Also known as Joe Hunte was a community activist who fought to improve living and working conditions for West Indians in London. He was born in St Vincent then worked in Trinidad as a teacher. In 1958, he came to Britain and studied Politics, Economics and Philosophy at Swansea University, where he won the annual student debating competition. Hunte then moved to Brixton with his family. In 1968 he took up the post as Senior Community Relations Officer in the London Borough of Tower Hamlets, a post he held until his retirement. Hunte became a voice for the growing West Indian community and was active in social and political issues.

After an incident with the police at Lambeth Town Hall in 1965, he published a pamphlet titled ‘Nigger Hunting in Britain – The Police and The Immigrant in London’ suggesting ways to improve relations between the police and immigrant communities. Hunte was appointed to a Home Office advisory committee dealing with race relations – the Joint Council for the Welfare of Immigrants – and was frequently invited to talk to groups of trainees and serving police officers. Many of his ideas have become standard community police practice.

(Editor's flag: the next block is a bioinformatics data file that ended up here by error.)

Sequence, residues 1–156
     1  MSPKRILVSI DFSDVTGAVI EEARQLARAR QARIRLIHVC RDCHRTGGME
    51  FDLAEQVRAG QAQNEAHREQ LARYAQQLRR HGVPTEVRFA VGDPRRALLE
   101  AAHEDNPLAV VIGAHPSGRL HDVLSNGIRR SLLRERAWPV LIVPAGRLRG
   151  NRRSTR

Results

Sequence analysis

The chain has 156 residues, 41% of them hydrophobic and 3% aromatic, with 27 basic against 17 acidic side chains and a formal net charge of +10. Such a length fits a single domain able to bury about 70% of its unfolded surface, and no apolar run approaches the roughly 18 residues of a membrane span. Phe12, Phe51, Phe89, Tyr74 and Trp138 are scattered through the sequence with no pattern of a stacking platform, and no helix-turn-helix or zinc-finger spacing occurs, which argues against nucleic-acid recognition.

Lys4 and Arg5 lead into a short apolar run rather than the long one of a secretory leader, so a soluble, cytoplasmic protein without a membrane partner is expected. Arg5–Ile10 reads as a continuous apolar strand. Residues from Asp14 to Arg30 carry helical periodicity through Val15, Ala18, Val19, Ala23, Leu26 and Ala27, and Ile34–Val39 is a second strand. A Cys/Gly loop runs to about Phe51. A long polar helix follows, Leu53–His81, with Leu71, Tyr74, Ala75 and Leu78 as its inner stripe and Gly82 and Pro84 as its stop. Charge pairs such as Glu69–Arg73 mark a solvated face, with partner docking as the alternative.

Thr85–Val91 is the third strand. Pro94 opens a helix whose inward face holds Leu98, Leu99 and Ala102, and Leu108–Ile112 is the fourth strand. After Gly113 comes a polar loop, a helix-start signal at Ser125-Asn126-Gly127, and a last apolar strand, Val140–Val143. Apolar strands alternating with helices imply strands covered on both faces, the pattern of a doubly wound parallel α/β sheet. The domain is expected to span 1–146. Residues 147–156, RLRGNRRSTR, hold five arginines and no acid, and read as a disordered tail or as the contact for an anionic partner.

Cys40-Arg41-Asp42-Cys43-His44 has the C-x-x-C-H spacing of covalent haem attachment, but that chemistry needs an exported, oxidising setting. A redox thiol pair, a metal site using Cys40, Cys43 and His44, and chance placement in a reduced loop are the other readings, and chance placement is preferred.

As secretary of the West Indian Standing Conference he provided the framework with his concept which he called ‘Equal opportunity’. His concept was enshrined in the 1965 Race Relation Act and all other acts up to the present commission for Equality and Human Rights. Although Hunte was posthumously designated Father of Community Relations the value of the contribution equal opportunity’ has given to British social development has not been evaluated nor accredited to Caribbean people.

In 1977, Hunte was awarded the Queen’s Silver Jubilee medal for services to the local community. After his death, Joe Hunte Court – a sheltered housing scheme in Lambeth near Knight’s Hill – was named after him. There is also a memorial to him in St Vincent Close, named after the island where he was born.

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Joe Hunte

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